The event was co-sponsored by Bluefield College, Highlands Fellowship and Crossroads Church as part of the Crossroads Church initiative Rebuild, Revive, Thrive, “a local business owner think tank that seeks to foster innovation, cooperation and entrepreneurship for the common good.”
“The purpose of the Entrepreneurship Panel was threefold,” said Caleb Robbins, project manager for BC’s College of Professional Programs. “First, we wanted students to learn. Second, we wanted our students to engage with local business owners. Finally, we wanted to inspire our students.”
Speakers/business owners for the Entrepreneurship Panel included Travis Lowe, pastor of Crossroads Church and founder of Rebuild, Revive, Thrive, who also facilitated the event; Cody Harmon, chief executive officer of Cody Energy and Genesis Rail Systems, who discussed “The Necessity of Innovation;” Melanie Protti Lawrence, owner of Anytime Fitness, who discussed “Starting a Business While Working Full Time;” Kim Ross, owner of Beecoming Irresistible, who discussed “The Power of Social Marketing;” Jody Deel, chief executive officer of Deel Financial, who discussed finances in business; and Robbie Gains, associate pastor of Highlands Fellowship in Bluefield, who discussed “Problems as Opportunities for Social Entrepreneurship.”
“You are surrounded by a whole community that you can make a difference in with the abilities that God has instilled into you,” said Gains, who joined all the speakers and business owners in encouraging the students and sharing their own personal story of success. “So rather than focusing so hard on what is to come, take this time that you have now to focus on the opportunity that you have to create hope in the midst of hopelessness.”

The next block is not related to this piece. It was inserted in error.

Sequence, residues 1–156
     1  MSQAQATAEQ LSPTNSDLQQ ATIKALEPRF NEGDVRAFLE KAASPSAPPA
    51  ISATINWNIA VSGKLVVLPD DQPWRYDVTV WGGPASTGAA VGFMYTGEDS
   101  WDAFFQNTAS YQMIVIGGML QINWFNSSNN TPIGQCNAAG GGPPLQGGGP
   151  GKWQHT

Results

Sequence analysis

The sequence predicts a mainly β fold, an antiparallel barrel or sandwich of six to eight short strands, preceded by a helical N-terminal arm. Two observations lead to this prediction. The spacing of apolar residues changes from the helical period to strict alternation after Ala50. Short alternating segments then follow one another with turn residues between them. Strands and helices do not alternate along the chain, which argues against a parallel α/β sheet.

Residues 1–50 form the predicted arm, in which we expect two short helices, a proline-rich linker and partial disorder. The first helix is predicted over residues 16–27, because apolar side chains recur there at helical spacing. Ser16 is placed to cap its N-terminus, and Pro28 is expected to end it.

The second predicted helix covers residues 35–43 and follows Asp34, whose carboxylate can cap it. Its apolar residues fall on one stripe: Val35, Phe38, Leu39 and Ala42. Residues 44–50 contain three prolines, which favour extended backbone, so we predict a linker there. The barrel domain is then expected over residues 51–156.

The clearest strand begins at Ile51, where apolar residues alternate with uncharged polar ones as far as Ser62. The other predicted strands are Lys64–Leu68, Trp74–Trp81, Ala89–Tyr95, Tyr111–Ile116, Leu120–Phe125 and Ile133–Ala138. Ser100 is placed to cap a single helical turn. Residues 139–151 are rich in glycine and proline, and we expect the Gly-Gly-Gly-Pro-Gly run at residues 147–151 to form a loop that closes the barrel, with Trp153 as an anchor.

Robbins said all of the speakers and panel members were “fantastic, eloquent, personable and captivating,” and that the event would not have been possible without their help, especially that of event host Travis Lowe.
“Travis is a master connector,” said Robbins. “He orchestrated the event beautifully, tying in relevant questions and applicable stories.”
According to Lowe, the goal for hosting the event was to “keep” the students in the Bluefield area by presenting the need for business-minded doers and showing the opportunity they could have in Bluefield.
“There is tremendous opportunity in Bluefield for people with your skill and talent to stay, become engaged, become involved and to really make a difference here,” Lowe told the students. “I want some of you to get a taste that says, ‘you know what, Bluefield might be my home.’’
The Entrepreneurship Panel included a reception, allowing attendees to network with entrepreneurs and business owners. Local businesses also set up information booths with representatives answering questions.
“I attended the panel out of pure curiosity,” said BC student Dagoberto De Jesus Acevedo. “I think it’s great that there are different organizations in the area that implement events like this on college campuses, as many students in the audience will be future entrepreneurs. I really do hope the college brings more events like this targeted for future leaders in business.”
Robbins added that it is always the priority of Bluefield College as a learning institution to host events that students can benefit from by experiencing real-world applications that sharpen their skills and increase their knowledge while also serving as an opportunity to build relationships between students and the community.
“This event was set up to foster networking amongst students, panel members, and individuals from the community,” said Robbins. “With all the negative press the region has received, we wanted students to see that, yes, there are thriving businesses here, yes, you can be successful in Bluefield, and yes, you should follow your dreams as an entrepreneur.”